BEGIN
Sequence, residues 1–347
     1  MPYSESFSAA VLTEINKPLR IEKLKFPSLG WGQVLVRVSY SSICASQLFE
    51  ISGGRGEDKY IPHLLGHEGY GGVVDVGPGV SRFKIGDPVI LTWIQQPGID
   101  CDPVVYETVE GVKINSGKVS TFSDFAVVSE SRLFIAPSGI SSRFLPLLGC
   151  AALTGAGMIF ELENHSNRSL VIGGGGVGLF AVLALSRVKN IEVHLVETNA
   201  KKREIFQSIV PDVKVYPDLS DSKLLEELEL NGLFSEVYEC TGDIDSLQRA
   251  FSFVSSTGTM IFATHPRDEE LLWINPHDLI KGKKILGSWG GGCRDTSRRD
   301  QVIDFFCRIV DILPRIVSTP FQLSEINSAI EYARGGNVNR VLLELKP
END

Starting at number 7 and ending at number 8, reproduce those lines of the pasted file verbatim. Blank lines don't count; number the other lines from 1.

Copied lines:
   251  FSFVSSTGTM IFATHPRDEE LLWINPHDLI KGKKILGSWG GGCRDTSRRD
   301  QVIDFFCRIV DILPRIVSTP FQLSEINSAI EYARGGNVNR VLLELKP